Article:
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Revision of the EPBD - What could change regarding the inspection of heating and air conditioning systems?

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In the European Commission's proposal for a revised Energy Performance of Buildings Directive, released on 30 November 2016, substantial changes are proposed as regards the inspection of heating and air conditioning systems.

 

The current EPBD requires that Member States establish a regular inspection of heating systems with boilers of more than 20 kW and of air conditioning systems of more than 12 kW. It also requires that systems with boilers of more than 100 kW undergo inspection at least every two years (for gas boilers, this period may be extended to four years).

 

In the revision proposed by the EC, the inspection of heating and air-conditioning systems would become a requirement only for non-residential buildings with a total primary energy use of over 250MWh per year, and for residential buildings with a centralised technical building system of a cumulated effective output of over 100 kW.

 

A draft amendment worked out by the European Parliament (24 April 2017) suggests to move this threshold down to 70 kW for heating systems and 12 kW for air-conditioning systems.

 

A position adopted by the Council on 26 June 2017, proposes to have in residential and non-residential buildings a requirement for inspection of heating and air conditioning systems with an effective rated output of over 70 kW.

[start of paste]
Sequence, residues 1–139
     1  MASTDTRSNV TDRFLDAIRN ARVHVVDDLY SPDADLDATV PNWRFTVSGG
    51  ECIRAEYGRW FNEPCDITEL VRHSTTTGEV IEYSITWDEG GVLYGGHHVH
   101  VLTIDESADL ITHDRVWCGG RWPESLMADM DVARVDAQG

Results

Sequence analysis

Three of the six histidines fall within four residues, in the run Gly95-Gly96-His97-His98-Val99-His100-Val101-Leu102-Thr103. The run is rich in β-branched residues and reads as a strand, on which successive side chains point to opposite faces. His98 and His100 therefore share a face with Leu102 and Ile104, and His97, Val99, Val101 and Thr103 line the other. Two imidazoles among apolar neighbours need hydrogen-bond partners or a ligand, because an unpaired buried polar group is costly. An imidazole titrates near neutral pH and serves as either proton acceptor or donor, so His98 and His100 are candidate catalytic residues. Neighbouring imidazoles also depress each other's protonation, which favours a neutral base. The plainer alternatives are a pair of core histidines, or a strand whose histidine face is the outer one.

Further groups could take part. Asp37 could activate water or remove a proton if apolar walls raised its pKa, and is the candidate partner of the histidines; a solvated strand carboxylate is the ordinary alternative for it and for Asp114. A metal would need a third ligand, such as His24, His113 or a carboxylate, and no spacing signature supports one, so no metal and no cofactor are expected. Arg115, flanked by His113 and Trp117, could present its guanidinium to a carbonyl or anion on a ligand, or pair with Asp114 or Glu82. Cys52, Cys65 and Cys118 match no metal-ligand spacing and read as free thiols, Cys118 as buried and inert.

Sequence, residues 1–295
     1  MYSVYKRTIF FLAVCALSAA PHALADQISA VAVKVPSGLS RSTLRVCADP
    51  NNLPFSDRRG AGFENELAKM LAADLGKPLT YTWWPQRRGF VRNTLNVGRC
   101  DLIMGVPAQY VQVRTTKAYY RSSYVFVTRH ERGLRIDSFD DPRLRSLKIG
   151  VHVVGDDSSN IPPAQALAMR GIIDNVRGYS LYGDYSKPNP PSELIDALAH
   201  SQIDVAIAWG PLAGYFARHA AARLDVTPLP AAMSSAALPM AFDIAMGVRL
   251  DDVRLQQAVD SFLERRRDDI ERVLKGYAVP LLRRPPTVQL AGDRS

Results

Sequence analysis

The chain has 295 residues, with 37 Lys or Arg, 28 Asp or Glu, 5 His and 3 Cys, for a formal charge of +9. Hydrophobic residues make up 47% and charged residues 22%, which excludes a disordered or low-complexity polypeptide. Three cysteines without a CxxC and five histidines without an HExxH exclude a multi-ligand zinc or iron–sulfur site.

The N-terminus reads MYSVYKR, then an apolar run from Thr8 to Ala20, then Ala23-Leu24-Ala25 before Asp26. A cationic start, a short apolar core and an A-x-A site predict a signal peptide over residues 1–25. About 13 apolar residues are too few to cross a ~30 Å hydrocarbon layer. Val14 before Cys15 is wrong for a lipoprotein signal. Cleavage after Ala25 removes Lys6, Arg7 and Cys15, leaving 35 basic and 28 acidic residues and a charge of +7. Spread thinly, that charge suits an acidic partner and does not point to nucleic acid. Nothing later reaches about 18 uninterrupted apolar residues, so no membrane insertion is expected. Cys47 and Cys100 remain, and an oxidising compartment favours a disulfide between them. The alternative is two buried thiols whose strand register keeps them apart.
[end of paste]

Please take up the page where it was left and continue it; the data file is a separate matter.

In the current EPBD, Member States may opt for alternative measures to regular inspection, by ensuring advice to users concerning the replacement of boilers or air-conditioning systems, modifications to the system and solutions to assess its efficiency and appropriate size.

 

In the revision proposed by the EC, requirements to ensure that non-residential buildings are equipped with building automation and control systems, and that residential buildings are equipped with continuous electronic monitoring and effective control functionalities would be an alternative to regular inspection.

 

A draft amendment by the European Parliament (24 April 2017) proposes that buildings with energy performance contracting could be exempted from regular inspection.

 

A position adopted by the Council on 26 June 2017, proposes to keep also as alternative measures to regular inspection those described by the current EPBD (i.e. advice to users).    

 

The proposal for a revised EPBD released by the European Commission is being discussed by the European Parliament and the Council. The above information does not allow to predict what will ultimately be the requirements adopted in a revised EPBD.